Urban black intellectual life dazzled many of these left-leaning young whites because of the startling immediacy of its concerns and the rawness of its anger, qualities that felt distant, even among liberals, in the white world. But for black intellectuals themselves, the crucial distinction remained. However much a white South African bristled at apartheid’s laws, however many nights she spent with her African boyfriend, she always woke up the next morning still white. The black urban world she experienced in snapshots made up the entirety of life for men like Nat.

The same immediacy and rawness that thrilled his white friends held him in a chokehold. His circle drank voraciously, loved aggressively and balanced on the edge of the law not only because it was exciting, but because those in their social and racial position had no more stable path they could find their way onto—in short, no escape from their escapist life. How then, they wondered, could they stand shoulder to shoulder with whites politically? Even if they had the same goals, by the nature of the apartheid beast, blacks had to be scrappier, more radical and less compromising in the way they approached the issues.

But Nat never seemed to absorb that way of thinking completely. He’d grown up in a mixed township with a father committed to a multiracial strain of liberalism. His childhood was built on the idea that if you worked hard enough, behaved respectably enough and spoke sharply enough, the world would rise to meet your expectations—colour and class be damned. And even as he plunged into the Drum social world, he carried that sense of optimism with him. In that sense he was not so much a coconut as a chameleon—sometimes blending seamlessly with his scenery, but at other times vividly and suddenly out of place …

Trucks carrying coffins roll by mourners at a mass funeral in 1960 following the Sharpeville massacre

Trucks carrying coffins roll by mourners at a mass funeral in 1960 following the Sharpeville massacre

When Nat wrote of Africans’ escalating fear and sense of powerlessness, his general language veiled just how close to home the issue had become for him as a writer. Already fearful of a government crackdown, in the State of Emergency after Sharpeville [a 1960 massacre of black protesters by South African police] Drum faced two stark options: either to severely limit its political content or be banned completely by the government. The state’s emergency regulations blocked the magazine’s staff from publishing their account of the shooting for more than six months.

The May 1960 issue of Drum—the first to go to press after the tragedy—featured only a photographic spread of the funerals held for victims, headlined by a stark image of a long line of coffins and mourners, both of them trailing out to the edge of the frame. And in the July issue, Nat reported on a cadre of ANC [African National Congress] activists involved with the anti-pass campaigns who had gone into exile in Basutoland (now Lesotho). In the 1,500 words of the piece, he never mentioned the word “Sharpeville.”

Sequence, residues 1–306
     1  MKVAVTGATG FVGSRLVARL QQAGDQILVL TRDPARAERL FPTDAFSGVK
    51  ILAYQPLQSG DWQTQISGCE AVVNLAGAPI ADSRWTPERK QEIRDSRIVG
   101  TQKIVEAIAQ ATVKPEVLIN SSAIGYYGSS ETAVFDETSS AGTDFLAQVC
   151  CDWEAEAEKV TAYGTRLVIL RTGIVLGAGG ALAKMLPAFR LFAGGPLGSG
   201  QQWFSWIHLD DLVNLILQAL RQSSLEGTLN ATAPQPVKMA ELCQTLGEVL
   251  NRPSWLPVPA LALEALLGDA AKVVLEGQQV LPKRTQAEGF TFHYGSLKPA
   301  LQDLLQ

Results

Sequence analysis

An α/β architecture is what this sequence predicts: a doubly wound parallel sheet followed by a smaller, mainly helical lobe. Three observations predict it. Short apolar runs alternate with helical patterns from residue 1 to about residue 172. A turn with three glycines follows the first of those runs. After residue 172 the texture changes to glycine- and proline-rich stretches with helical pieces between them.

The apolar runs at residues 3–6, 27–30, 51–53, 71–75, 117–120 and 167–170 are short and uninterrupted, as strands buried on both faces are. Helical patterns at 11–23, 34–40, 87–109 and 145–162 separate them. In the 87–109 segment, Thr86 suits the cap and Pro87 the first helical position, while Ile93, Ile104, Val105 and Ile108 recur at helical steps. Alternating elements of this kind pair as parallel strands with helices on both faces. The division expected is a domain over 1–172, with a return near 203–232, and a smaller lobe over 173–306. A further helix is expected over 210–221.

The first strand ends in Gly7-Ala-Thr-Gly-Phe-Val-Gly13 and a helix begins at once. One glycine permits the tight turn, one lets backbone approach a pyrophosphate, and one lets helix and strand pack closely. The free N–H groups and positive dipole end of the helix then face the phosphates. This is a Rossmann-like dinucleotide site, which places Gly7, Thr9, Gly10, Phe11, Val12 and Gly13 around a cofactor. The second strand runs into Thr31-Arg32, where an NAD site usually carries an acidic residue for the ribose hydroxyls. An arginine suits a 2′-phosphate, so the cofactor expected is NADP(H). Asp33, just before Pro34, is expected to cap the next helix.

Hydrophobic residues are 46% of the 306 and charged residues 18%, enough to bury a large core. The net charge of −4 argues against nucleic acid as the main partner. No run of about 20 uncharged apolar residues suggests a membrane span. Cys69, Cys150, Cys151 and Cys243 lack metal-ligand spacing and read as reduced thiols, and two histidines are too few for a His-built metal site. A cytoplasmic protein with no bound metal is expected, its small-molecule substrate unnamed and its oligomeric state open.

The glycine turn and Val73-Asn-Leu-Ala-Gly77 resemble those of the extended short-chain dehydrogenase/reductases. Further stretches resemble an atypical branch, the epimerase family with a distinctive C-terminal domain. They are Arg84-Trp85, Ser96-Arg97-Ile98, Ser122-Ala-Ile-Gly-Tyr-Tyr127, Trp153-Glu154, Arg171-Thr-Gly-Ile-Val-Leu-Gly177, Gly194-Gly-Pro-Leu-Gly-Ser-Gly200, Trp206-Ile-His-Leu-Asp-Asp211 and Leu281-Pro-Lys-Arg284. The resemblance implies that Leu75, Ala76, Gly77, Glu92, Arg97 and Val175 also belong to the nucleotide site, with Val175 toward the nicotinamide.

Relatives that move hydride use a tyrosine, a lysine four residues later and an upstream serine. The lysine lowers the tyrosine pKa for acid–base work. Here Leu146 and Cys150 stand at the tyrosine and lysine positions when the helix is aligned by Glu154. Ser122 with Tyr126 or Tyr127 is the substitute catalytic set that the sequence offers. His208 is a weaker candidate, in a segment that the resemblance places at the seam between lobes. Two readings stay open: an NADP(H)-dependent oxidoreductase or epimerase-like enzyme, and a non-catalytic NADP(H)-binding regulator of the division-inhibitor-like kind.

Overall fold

For Nat, the early 1960s were marked by tremendous uncertainty and a momentous rise in his own careerForced into a kind of journalistic amnesia, Nat and Drum struggled to convey the magnitude of apartheid resistance in a country whose rulers were intent on pretending it did not exist. This chokehold around the country’s news intensified a problem already building in the Drum offices—retaining writers in a country that refused to let them write.

Over the previous three years, the sardonic former Drum editor Sylvester Stein, who helped Nat get his first pass in Johannesburg, as well as writers and friends Todd Matshikiza, Arthur Maimane and Bloke Modisane, slipped into exile in Europe, unwilling to continue living subversively in the country of their birth. With the government and police hovering low over the activities of dissidents, the antics of fringe country began to feel for many as if they simply were not worth the tremendous danger they posed …

Amidst all of the tremendous uncertainty Nat faced in the early 1960s, however, the period was also marked by a momentous rise in his own career. With the size of South Africa’s black intellectual community shrinking, the young writer skyrocketed through its ranks. In a three-year span between 1961 and 1964, he not only founded a literary magazine and continued to write for Drum, but also became the first black columnist for the leading liberal white newspaper, the Rand Daily Mail. By the time he was 26 years old, he had been invited to follow Lewis Nkosi [NF ’61] to the United States on a prestigious journalism fellowship at Harvard University.

But if the South African government appeared determined to purge itself of dissident intellectual activity, it also sought to contain those same intellectuals within its own borders. So as Nat turned his sights to the United States, he came up against a government intent on keeping him firmly rooted in the country of his birth …

The moment Nat boarded his flight [to the U.S.] that day in 1964, he entered a dark rift. By law, he was no longer a South African, but by blood and personal history he was rooted only there.